The Weird World of Alternate Reality Gaming

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“Install base: Everyone. The entire public. Platform: The world… A single story, a single gaming experience, with no boundaries. A game that is life itself.”

 

Would creating such a game be possible? And if so, how would it look?

 

Thankfully, we already have the answer: it is possible, and it would look a lot like a global scavenger hunt involving a multitude of fake websites, devilishly tough puzzles, forged phone numbers and a group of millions of players who aren’t entirely sure that what they’re participating in isn’t real. In short, an Alternate Reality Game or ARG (not to be confused with Augmented Reality Games).

It’s hard to put into words exactly what an Alternate Reality Game is. Broadly, it’s what you’d get if you combined one-part marketing experience with one-part story-telling, added a dash of puzzle-solving and a sprinkle of community mobilisation and let it all cook in real time in a handful of hotspots around the world.

 

Still confused? Let’s put the cooking metaphors back in the pantry and explain with an example.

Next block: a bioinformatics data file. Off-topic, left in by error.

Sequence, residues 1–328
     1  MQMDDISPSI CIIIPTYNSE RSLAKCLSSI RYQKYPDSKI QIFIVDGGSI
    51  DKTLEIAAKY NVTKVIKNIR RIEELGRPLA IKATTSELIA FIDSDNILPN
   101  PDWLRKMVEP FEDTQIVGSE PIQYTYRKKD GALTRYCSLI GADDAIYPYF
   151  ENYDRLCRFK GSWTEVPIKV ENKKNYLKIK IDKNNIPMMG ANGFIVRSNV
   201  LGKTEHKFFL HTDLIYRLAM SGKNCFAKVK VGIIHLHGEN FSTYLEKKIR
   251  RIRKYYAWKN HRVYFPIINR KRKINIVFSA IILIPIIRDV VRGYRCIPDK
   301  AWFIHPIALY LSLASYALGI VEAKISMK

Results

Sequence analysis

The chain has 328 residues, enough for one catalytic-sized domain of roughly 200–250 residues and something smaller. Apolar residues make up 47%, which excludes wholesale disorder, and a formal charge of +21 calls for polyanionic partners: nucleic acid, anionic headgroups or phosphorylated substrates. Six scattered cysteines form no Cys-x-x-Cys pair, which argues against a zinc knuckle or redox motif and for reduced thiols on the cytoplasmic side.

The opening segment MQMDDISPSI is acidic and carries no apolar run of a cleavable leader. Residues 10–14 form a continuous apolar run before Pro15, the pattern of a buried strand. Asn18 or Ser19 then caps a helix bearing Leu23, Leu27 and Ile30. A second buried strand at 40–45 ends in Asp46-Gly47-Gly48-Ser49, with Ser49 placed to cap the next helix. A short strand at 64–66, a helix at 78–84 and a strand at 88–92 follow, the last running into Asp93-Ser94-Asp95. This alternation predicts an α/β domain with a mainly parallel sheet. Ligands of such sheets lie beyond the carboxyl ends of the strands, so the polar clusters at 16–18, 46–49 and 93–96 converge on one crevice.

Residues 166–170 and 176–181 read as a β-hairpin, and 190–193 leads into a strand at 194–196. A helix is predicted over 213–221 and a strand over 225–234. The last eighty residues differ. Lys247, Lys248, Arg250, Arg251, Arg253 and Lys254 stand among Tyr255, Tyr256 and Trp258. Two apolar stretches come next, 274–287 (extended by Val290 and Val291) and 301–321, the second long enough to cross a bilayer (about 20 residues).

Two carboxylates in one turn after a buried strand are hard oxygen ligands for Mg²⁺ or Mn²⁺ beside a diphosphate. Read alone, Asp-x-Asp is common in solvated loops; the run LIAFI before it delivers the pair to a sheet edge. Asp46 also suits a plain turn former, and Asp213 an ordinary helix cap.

In 2004 a group of active members of the gaming community were sent jars of honey that contained a website address and a countdown. The website, www.ilovebees.com, seemed at face value to be a relatively unassuming blog of a bee enthusiast – except for the fact it had been hacked or corrupted in some way.

At roughly the same time a trailer was released for the then-upcoming video game Halo 2 in which the URL for the same website briefly appeared. These two events led those curious enough to recruit more people and delve further into what seemed to be a rapidly unfolding mystery.

 

A story began to reveal itself to participants – the website had been taken over by a refuge-seeking AI from the future – with new pieces of the puzzle falling into place with each clue solved. These clues were given in a variety of forms: corrupted website code to untangle, image files to piece together, and even sets of numbers that turned out to be coordinates of phone booths around the world as well the time that somebody had to be there to get the next clue.

 

Pretty soon there were thousands of players around the world all working together to solve increasingly complex problems and piece together a story evolving in real time. The lengths players went to in order to complete the puzzles became astounding. Of the 210 pairs of coordinates of then-upcoming telephone booth calls, not a single one was missed – not even the one in Florida upon which Hurricane Frances was quickly bearing down.

 

ilovebees, as the game came to be called, eventually revealed itself to be a Microsoft-commissioned viral-marketing campaign for Halo 2. The ‘winners’ of the game were invited to play the game early at one of four movie theatres and collect a commemorative DVD – maybe not the best reward for risking death in the face of a hurricane, but isn’t the real reward always the fun had along the way?